Ryan is a young Generation X’er, while she’s an older Millennial.
While both generations were raised by Baby Boomers – who not only initiated the sexual revolution, making acceptable the concept of sex outside the confines of marriage, but who then went on to mostly pair off in traditional marriages – hers was the generation in which the greatest percentage of those partnerships ended in divorce (the divorce rate peaked in the early Eighties, right around the time it’s believed that the Millennial generation began).
For Kristina, two boyfriends are exactly two too many. When she arrived at Syracuse freshman year, Kristina had certain ideas about what her romantic life would entail.
“I thought, ‘All right, the long-distance shenanigans are over now, we’re moving in together, and it’s time to have a real go at this,’” he says, taking a sip of his beer.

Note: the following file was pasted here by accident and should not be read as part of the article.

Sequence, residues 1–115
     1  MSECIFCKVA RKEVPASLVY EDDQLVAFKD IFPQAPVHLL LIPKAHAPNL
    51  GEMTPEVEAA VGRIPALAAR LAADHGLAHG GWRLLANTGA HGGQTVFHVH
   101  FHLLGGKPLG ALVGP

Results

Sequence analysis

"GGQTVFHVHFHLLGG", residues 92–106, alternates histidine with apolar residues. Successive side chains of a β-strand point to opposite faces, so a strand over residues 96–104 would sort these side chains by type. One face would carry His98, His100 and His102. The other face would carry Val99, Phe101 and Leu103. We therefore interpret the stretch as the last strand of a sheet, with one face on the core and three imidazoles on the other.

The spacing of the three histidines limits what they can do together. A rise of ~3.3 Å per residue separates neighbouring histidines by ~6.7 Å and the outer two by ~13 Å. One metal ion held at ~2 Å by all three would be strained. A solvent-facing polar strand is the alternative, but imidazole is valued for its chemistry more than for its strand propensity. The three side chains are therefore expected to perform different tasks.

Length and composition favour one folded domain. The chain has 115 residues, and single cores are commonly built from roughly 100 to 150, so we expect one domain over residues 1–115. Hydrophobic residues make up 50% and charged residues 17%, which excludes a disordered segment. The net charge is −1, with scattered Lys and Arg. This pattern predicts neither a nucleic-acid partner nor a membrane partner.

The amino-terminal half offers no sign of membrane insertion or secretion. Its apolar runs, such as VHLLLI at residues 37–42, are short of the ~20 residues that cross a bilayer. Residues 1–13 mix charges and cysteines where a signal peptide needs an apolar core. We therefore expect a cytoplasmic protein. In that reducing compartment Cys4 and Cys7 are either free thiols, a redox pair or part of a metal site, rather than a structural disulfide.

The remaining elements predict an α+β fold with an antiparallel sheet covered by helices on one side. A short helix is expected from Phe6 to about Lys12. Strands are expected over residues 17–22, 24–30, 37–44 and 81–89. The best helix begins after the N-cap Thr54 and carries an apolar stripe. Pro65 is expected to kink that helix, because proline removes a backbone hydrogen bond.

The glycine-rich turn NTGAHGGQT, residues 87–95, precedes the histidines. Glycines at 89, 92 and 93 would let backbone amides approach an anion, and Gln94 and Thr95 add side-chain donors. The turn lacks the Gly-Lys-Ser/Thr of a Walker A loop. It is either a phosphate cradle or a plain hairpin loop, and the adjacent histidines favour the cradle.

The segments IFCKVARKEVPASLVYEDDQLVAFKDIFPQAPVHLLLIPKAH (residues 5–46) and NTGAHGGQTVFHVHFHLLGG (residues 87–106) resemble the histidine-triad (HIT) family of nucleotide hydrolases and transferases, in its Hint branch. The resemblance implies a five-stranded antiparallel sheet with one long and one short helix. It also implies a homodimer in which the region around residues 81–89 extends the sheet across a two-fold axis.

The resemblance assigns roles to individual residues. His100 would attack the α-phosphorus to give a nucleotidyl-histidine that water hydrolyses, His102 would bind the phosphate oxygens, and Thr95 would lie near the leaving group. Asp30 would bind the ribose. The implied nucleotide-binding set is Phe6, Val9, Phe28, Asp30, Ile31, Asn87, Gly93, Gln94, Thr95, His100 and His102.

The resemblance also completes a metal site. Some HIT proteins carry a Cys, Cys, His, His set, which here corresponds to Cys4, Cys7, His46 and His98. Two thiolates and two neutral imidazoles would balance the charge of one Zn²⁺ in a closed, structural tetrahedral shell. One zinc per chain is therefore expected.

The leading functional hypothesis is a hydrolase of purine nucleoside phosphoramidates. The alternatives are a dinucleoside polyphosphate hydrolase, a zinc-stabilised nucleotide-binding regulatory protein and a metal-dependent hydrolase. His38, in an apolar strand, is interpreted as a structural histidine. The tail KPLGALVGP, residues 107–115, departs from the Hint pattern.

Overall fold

Once Ryan learned that a permanently open relationship was what Leah wanted, he says, “There was a side of me that was ecstatic – the teenage boy in me that wants to fuck everything I see.
But the other side of me was concerned about what this means in terms of intimacy and how the dynamics would work. It’s skirt day.” Kristina is wearing long, soft curls, dark crimson lipstick, a black shirt that’s open in the back and a sequiny green miniskirt over bare legs.
One of the things all the therapists had noticed over the past few years was “that couples – and these are younger people, twentysomethings, maybe early thirties – are negotiating what their brand of monogamy can be.
They are opening up to having an open relationship, either in totality or for periods of time.